The Power Of Authenticity And Perseverance: A Conversation with Katrina Lake, CEO of Stitc…


In honor of Women’s History Month, Glassdoor’s WinG ERG and Samantha Zupan, Vice President of Corporate Communications, hosted a dynamic fireside chat with Katrina Lake, Founder & CEO of Stitch Fix, to discuss the power of authenticity, following your path, and being a vulnerable leader, all while juggling parental duties. In 2011, Katrina founded Stitch Fix to help women everywhere discover and explore their style through a truly client-focused shopping experience. While attending Harvard Business School, Katrina saw an opportunity to combine data science with human stylists to reinvent the retail space completely, deliver an unparalleled, personalized experience, and guide consumers to items they love. 

Glassdoor has a similar mission to Stitch Fix, providing job seekers and career-conscious employees insights and data to guide their career journeys and help them find a company they love. Also, at Glassdoor, we know that a company is only as good as its people — and Katrina agrees. As a compassionate and empathetic leader herself, she values hearing her employee’s opinions and empowering them to make decisions within the Stitch Fix organization. She believes that’s a strong mark of being an effective leader. 

Katrina and Samantha also discussed the importance of persevering through tumultuous times and hardships. Katrina shared her cultural background, being a woman in a male-dominated venture capitalist world, and the examples of strength and perseverance she observed and modeled from her great grandmother and grandmother. Katrina serves as a positive role model to many entrepreneurial and career-driven women who are also mothers to step in your authenticity to achieve your goals and dreams.

Wondering what exactly you missed out on? Check out our four impactful takeaways from Katrina Lake.  

Finding a way by showcasing perseverance and flexibility.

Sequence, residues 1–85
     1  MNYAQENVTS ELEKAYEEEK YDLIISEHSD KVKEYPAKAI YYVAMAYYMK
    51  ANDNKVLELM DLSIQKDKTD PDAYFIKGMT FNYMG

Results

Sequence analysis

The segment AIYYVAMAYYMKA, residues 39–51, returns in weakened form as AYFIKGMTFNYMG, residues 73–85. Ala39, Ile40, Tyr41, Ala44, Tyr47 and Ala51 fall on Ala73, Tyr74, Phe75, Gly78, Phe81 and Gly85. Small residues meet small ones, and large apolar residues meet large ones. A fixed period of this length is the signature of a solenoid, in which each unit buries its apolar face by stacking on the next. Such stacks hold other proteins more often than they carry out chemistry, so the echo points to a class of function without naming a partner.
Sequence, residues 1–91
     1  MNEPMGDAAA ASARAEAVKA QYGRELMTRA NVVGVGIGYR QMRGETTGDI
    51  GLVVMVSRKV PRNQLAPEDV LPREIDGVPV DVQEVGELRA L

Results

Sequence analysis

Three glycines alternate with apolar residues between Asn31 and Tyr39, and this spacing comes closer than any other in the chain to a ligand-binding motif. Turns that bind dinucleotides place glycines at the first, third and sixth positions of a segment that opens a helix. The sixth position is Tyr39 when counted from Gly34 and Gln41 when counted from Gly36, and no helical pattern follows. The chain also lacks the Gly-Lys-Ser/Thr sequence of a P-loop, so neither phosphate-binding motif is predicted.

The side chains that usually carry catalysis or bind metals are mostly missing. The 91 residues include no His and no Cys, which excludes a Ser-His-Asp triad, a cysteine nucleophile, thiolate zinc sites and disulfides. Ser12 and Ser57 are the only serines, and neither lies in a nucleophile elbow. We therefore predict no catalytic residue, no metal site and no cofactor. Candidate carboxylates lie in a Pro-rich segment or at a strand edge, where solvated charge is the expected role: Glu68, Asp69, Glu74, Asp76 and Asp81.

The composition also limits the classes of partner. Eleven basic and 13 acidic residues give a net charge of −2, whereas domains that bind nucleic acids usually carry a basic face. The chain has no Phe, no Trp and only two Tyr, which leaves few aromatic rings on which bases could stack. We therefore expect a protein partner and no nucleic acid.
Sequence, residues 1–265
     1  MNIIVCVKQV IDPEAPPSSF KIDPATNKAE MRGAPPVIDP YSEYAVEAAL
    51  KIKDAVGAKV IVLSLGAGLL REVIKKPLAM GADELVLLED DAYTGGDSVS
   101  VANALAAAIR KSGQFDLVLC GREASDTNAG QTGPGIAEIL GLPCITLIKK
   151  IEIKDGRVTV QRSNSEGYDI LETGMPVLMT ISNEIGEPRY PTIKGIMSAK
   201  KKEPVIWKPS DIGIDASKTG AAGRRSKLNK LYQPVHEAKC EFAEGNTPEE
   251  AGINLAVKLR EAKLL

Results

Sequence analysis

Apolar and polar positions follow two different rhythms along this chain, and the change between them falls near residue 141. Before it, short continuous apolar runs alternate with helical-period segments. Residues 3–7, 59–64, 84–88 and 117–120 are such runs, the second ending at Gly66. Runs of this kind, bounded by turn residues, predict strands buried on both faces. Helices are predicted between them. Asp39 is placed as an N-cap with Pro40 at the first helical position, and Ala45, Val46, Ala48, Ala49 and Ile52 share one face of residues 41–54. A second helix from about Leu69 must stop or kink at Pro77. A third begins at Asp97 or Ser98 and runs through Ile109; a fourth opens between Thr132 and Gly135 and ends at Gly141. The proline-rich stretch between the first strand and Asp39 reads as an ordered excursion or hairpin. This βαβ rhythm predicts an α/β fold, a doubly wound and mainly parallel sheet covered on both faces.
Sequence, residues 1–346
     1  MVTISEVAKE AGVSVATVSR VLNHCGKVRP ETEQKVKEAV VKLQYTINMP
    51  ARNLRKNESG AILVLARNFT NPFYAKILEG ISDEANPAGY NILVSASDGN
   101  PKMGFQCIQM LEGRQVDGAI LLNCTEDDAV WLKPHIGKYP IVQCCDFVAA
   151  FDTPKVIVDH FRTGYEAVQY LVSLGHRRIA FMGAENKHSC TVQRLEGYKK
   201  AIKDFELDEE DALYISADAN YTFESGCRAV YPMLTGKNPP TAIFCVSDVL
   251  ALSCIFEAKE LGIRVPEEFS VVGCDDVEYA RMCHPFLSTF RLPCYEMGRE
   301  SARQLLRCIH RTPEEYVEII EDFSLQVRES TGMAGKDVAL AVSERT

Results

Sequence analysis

As a Japanese-American entrepreneur and mother navigating the tech space, Lake faced several challenges, which were breaking through syemstic biases to gain new capital to fund Stitch Fix. She made her mark in a male-dominated industry, becoming one of the youngest women to take her company public at the age of 34 (until 2021 when she happily handed the title to Whitney Wolfe Herd of Bumble), and the only woman in 2017 to lead an initial public offering in technology, all while being a mother to a small child. 

“The idea of believing in possibility is undoubtedly foundational to my upbringing. I was really lucky to have female role models in my life. I do believe that there is a way and path. It might always be easy and it might not always be obvious but I feel lucky that I had this wide lens on what’s possible in the world because of the influence of these women in my life.” – Katrina Lake 

Embracing authentic and vulnerable leadership. 

“I clung on to the notion of authentic leadership, without knowing it had a name from the early days. It was the only tool that I had in my toolkit. I had never managed anyone before, I hadn’t had a big network. There was nothing extraordinary about me that would lead someone to think that I would be a kickass founder. The only tool I had around leadership was authenticity, bringing people along and having people feel like they were part of this journey and being vulnerable allowed people to buy into me in my vision. The idea of being authentic really serves you well across multiple stages of the company.” – Katrina Lake 

Don’t be performative without some type of action. 

“With Black Lives Matter, I didn’t want to say a bunch of words and not do something. I’m really proud of the work we did, we committed to sharing a bunch of data and that was a commitment that we made. We realized millions of dollars a year with vendors, which is economic power. When we looked at those dollars and how they were distributed it was pretty stunning in terms of how Black vendors were massively underrepresented in our vendor base. That was something we could do something about, and something that did make a difference.” -Katrina Lake 

Knowing your power as a leader and individual. 

“It’s helped my mental state to focus on things that I actually have control over. There were tons of things I couldn’t control. To be able to accept the things that are not in your control and to be able to feel empowered by things that you do have control over, it’s a really powerful concept and one that we talk about at Stitch Fix too. How can you feel empowered by the things you can control versus limited to what you can’t? There were a lot of things that weren’t able to control last year (COVID-19) but we all found a way.” -Katrina Lake

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